Anime Vice News

Vice Interrogation: Astro Boy

Gia takes on the classics: Astro Boy!

 
 

Vital Stats:

Title: Astro Boy
Japanese Title:  鉄腕アトム
JP Publisher: Kobunsha/ Kodansha
Licensor: Dark Horse
Mangaka: Osamu Tezuka

The Story

A brilliant scientist creates a superb robot to replace his son, who died in a car crash. For some reason, he gifts his son with abilities like flying and shooting machine guns out his ass. Then he realizes that a robot can't grow up, and sells the robot off to a vendor. Exactly what happened to the robot during that time frame is unknown, but some time later a genius scientist who also happens to be the head of Japan's Ministry of Science. Professor Ochanomizu "adopts" Astro Boy, who attends school like a normal human, and saves the world from robots and vicious humans, like abormal robots.
 
The release I'm reviewing here is Dark Horse's copy of volumes 1 and 2 of a later release of the Astro Boy manga, I believe by Kodansha. This collection features Astro Boy in its entirety, 23 volumes (22 books in English, since the first two were released as one volume), and at least in this volume, each of the new stories (not each chapter, but each unique arc) also features a Tezuka-drawn "introduction," starring Tezuka himself. Some of these can be mildly disconcerting as it's hard to tell when they end and the story begins (since they sometimes actually take place theoretically right before the story starts), but it's charming and insightful enough to be well worth any tiny difficulty there.
 
As for the content itself...this is a manga that was last drawn over 40 years ago, and started 57 years ago, and it was aimed at kids even then. So these are primarily tales of good versus not-good, if not entirely evil-- I was impressed at how well Tezuka was able to incorporate motivations for a couple of those not-good characters, though others are somewhat more of the black-hat twirling-moustache type). They are truly "sophisticated," I think, only in the context of its era and its target demographic. 
 
This particular volume, however, is clearly aimed not at children but at manga afficionados, and anyone who is interested in the history of manga and a classic title should most assuredly pick up at least this book, if not the entirety of the series. If you're curious about the story entirely of its own merit, there's definitely plenty of enjoyment to be had: even a jaded reader like myself finds some joy in Tezuka's fourth-wall-breaking asides and notes (like a large robot with the words "too big to draw" on it), and it's particularly fascinating to read this volume after having read the first few of Naoki Urasawa's Pluto, a modern, darker take on the same themes of human and robot living amongst one another.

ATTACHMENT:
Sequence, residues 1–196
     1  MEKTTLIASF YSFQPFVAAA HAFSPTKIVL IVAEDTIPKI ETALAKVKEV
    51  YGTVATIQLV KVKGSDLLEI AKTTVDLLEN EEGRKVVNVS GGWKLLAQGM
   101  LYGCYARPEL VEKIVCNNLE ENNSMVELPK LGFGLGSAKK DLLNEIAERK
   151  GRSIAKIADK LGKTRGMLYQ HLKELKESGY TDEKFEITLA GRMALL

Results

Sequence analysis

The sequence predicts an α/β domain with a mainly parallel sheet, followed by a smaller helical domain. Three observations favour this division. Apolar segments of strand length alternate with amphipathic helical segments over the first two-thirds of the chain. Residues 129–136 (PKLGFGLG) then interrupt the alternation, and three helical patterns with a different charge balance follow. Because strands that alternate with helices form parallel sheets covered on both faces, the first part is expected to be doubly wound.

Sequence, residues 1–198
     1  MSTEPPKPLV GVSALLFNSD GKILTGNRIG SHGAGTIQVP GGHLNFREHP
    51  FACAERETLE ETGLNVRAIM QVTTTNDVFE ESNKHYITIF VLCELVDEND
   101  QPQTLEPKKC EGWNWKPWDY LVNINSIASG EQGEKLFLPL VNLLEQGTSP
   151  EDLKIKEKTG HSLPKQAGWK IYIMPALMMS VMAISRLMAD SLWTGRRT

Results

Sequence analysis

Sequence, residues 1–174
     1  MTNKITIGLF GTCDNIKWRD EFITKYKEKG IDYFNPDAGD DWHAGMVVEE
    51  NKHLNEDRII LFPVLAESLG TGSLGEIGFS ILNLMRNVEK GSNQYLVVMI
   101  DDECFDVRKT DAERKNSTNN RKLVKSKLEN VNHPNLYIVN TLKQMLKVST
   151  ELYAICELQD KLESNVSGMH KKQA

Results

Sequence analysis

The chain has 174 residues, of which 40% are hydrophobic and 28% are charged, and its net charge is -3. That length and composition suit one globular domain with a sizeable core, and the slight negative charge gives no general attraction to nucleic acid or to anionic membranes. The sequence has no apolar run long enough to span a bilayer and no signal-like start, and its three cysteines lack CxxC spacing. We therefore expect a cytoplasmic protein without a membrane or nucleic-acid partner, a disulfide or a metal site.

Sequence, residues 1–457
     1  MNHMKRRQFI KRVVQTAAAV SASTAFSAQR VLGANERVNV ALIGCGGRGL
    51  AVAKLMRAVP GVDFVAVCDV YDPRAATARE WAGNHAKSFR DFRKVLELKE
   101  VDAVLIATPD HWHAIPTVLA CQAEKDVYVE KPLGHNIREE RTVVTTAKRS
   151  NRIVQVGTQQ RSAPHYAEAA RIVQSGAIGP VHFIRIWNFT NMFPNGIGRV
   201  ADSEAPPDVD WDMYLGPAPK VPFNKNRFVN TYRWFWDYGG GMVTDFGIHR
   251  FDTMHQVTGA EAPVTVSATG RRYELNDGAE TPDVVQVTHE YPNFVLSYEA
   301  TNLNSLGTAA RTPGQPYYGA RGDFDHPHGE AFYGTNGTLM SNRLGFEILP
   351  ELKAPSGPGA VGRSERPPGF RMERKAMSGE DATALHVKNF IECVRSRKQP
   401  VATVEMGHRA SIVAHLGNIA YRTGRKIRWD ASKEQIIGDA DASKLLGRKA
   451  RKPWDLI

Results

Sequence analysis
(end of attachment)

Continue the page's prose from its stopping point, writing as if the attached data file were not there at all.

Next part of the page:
However, it is still a kids' series, so if you're looking for something darker or deeper, you'll probably feel mildly unsatisfied with Astro Boy on its surface. (Those with a more scholastic bent will have a lot of fun picking apart aspects of the manga that have influenced current artists, as well as deeper meanings behind Tezuka's stories, characters, and words. And I would love to read the resulting essays!)
 
I would actually like to see a release of Astro Boy that was more aimed at kids, though. I still think that it compares favorably to a lot of kids' stuff coming out these days.

IF, THEN

If you like these manga, you might like Astro Boy.
- Black Jack
- Pluto
- Speed Racer

Release Info:

Released: Sept. 17, 2008 
Length: 424 pages
Features:
- Foreword by Frederik L. Schodt
- Tezuka's own interspersed intros to the stories
- A Tezuka biography
Apathyladon Aug. 10, 2009 at 9:43 p.m.
I always loved Astro Boy, too bad he was never popular in the United States. I always felt that Megaman was modeled after Astro Boy, since they have some parallels.
giaon Aug. 10, 2009 at 10:30 p.m.
@Apathylad: The original anime of Astro Boy did reasonably well here, or at least according to Schodt in the foreword. At the time, most of the Americans watching it didn't even know it was Japanese. :)
damswedonon Aug. 11, 2009 at 2:16 a.m.
so its Pinocchio with guns? sounds good
Kou_Leifohon Aug. 11, 2009 at 2:53 a.m.
@Apathylad said:
" I always loved Astro Boy, too bad he was never popular in the United States. I always felt that Megaman was modeled after Astro Boy, since they have some parallels. "
Well if Mega Man is then it wouldn't be the first Capcom character to be model after a anime character. As a matter of fact, two characters from the Street Fighter series (Yun & Yang) are model after Trowa Barton & Dou Maxwell from Gundam Wing.
rpg42on Aug. 12, 2009 at 5:24 p.m.

heeeeeeeee
N15PCAon Aug. 13, 2009 at 12:34 p.m.
The original show aired on NBC back in 1963.   I watch some of the episodes when the aired it on Adult Swim.
 
I plan on going to see the new Astro Boy movie when it comes out this october.  I don't think their going to be even five other people in the movie theater when I go to see it.  That make's me very sad.
mange210on Aug. 15, 2009 at 10:11 a.m.
   
Arjunaon Aug. 31, 2009 at 11:49 a.m.
Am I wrong in thinking that Astro Boy is, largely, the inception of manga/anime's aesthetic; especially the stylized eyes we're all familiar with in manga/anime. 
 
Maybe I should read Astroboy simply because, all of its positives aside, it is the 'beginning' of this modern style of manga/anime we're familiar with.
 
Maybe Astroboy could be described as a 'wellspring'?

Dig Deeper into Osamu Tezuka

Known as the "godfather of manga," Osamu Tezuka is Japan's most prolific manga creator to date with over 700 original series to his name. Tezuka is widely credited for pushing the medium to its mainstream popularity after World War II.

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